Leicester v Liverpool & How Changes to the Kick-off Impacts the Fans
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Over the last few years I’ve started to enjoy non-footballing weekends like the last one. Sure, the match-day sense of expectation with the accompanied stomach cramps of anxiety and dread are always welcome, but every now and then time off is a nice thing. A stress-free couple of days to end the week.
Thanks to the lads kindly donating our 4th Round tie to Wolverhampton Wanderers, Liverpool did not play at the weekend, yet there was still a game which interested the fans.
I don’t know if any of you have ever visited The Den, Millwall. It’s an odd place, situated in South East London not far from London Bridge station. I’ve been there both as a Liverpool fan and as a journalist and have witnessed both sides of the club. The 2004 League Cup victory there was not for the faint-hearted as the atmosphere was a thick and moody one but years later I was there to cover a few league games from the safety of the press box and press room and found the staff to be just about the friendliest you could wish to come across. No one likes them, they don’t care.
So when Leicester City were drawn there in the FA Cup my initial thought was ‘They won’t fancy that one little bit.’
This became relevant to LFC on Friday when it was announced that, in the events of a replay in that match, the Leicester – Liverpool game would revert back to the Saturday rather than the scheduled game on the following Monday. Thanks lads. A whole week’s notice. You spoil us.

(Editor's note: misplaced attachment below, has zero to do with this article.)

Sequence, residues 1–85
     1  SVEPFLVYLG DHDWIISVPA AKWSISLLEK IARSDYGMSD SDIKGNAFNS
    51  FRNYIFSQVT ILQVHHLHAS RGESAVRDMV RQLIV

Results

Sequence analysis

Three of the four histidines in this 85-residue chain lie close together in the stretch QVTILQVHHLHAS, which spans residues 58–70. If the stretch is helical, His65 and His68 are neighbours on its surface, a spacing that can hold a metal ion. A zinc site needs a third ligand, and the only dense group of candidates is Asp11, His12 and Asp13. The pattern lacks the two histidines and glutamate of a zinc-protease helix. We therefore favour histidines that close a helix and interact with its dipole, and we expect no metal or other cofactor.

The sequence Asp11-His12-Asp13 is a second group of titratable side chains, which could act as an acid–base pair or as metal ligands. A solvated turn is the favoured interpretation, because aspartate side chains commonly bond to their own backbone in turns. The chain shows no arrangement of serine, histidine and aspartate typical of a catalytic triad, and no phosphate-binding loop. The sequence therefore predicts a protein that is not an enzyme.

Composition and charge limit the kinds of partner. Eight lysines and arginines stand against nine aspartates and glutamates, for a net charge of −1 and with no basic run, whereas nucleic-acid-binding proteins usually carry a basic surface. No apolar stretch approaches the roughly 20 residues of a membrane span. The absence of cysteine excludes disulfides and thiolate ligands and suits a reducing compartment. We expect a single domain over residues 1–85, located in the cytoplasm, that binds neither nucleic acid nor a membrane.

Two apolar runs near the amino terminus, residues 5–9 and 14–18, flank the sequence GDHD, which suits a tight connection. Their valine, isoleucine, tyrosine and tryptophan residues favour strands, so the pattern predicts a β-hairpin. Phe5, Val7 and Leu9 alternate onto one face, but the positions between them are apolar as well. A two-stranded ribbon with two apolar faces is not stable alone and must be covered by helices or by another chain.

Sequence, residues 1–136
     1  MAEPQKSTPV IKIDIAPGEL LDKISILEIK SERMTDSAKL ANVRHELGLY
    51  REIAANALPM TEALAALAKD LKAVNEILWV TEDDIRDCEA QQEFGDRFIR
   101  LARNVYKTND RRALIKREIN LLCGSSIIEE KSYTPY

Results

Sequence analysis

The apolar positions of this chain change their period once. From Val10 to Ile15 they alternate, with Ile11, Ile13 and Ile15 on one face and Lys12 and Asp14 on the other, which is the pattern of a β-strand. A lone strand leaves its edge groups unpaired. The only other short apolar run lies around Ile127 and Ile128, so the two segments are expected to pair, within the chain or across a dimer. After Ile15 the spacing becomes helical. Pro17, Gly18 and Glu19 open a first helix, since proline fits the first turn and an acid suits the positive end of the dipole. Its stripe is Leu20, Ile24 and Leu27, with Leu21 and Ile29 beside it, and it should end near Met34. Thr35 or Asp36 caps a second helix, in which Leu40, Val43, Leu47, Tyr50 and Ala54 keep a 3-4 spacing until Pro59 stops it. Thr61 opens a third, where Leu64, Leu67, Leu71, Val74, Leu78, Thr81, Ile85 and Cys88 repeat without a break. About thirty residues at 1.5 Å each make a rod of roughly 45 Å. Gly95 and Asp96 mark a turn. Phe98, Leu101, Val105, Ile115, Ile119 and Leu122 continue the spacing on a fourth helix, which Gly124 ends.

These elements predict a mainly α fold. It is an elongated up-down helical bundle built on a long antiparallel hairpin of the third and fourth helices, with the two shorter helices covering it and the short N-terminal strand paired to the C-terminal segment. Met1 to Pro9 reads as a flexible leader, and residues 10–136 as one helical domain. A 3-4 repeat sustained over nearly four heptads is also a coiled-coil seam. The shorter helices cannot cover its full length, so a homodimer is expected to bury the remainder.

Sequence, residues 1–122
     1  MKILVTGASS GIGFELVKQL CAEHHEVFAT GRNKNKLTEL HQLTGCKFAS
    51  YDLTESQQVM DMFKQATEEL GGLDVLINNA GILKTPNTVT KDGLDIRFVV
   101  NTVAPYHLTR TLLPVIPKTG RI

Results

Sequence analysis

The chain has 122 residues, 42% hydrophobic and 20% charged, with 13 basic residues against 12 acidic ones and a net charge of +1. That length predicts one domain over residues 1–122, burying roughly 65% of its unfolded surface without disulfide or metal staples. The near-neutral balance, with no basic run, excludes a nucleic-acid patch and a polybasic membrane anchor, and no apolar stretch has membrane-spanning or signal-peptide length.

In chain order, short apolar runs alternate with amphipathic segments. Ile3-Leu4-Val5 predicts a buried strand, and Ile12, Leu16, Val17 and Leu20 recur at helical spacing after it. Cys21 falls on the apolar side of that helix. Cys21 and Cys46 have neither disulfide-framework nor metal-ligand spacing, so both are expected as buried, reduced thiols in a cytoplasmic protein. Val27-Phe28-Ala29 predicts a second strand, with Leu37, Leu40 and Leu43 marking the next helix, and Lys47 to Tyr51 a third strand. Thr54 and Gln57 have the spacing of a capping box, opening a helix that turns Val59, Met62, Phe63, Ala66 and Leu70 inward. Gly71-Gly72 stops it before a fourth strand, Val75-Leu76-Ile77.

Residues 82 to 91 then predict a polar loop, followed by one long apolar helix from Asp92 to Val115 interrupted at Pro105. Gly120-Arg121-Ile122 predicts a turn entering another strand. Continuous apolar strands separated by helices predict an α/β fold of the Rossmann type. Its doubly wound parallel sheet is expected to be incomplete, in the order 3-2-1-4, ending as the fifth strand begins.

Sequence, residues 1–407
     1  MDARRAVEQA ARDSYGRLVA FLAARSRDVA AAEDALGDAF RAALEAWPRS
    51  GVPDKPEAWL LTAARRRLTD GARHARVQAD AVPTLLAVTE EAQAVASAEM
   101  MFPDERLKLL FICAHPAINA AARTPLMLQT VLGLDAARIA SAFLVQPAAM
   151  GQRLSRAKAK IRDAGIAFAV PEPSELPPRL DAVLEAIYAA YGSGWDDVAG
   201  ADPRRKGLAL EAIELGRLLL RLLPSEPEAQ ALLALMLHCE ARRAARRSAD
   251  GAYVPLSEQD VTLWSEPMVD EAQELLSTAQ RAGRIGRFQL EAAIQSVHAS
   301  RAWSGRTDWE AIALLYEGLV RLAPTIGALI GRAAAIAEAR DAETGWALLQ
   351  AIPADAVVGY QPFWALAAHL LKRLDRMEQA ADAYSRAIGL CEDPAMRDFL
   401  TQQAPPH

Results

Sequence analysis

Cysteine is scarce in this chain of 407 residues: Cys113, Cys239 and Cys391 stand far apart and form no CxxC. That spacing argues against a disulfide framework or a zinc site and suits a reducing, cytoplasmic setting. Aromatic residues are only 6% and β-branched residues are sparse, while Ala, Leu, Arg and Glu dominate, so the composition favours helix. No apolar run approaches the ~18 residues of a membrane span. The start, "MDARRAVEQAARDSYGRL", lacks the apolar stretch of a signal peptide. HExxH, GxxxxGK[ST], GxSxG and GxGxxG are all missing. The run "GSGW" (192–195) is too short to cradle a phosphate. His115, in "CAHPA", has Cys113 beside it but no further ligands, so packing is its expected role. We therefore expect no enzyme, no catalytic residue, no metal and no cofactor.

It’s worth pointing out that the 4th round draw took place a couple of days following the Wolves game so you’d assume someone from the F.A would place the fixture, look at the surrounding games, work out the potential pitfalls of replays and plan ahead. You’d think that, wouldn’t you? And yet the day before the game an announcement is made about moving stuff around.
No big deal?
Well, yes, actually. Quite a big deal.
Example: My sister lives near Leicester so the game at the KP Stadium is one of my favourites. Ordinarily 10-15 of us travel to Leicester mid-afternoon, visit a pub (one we like so much that I’m not even going to reveal the name in case it becomes spoilt by popularity), settle in and walk to the ground. Obviously, it’s also easier for my sister and is a rare away game for her as she’s usually confined to Anfield appearances these days. She loves hosting us all so it’s a nice day.
When the fixtures came out I looked for Leicester, saw it was arranged for ‘Monday Night Football’ and sighed. Mondays are tricky for me so I’d have to let that go. Shame. I made plans for the Saturday and decided on a non-game weekend. Maybe I’d clear the attic or something.
But then the game was potentially on again. Or was it? Even had the Foxes took a draw it was a bit late in the day to make contingency plans.
Example 2: Last year Liverpool drew Exeter City in the FA Cup. The BBC decided not only to show the game on TV in the hope that they got a story (they nearly did), but they’d move it to the Friday night. Great eh? A fine start to a weekend of FA Cup football for the watching millions.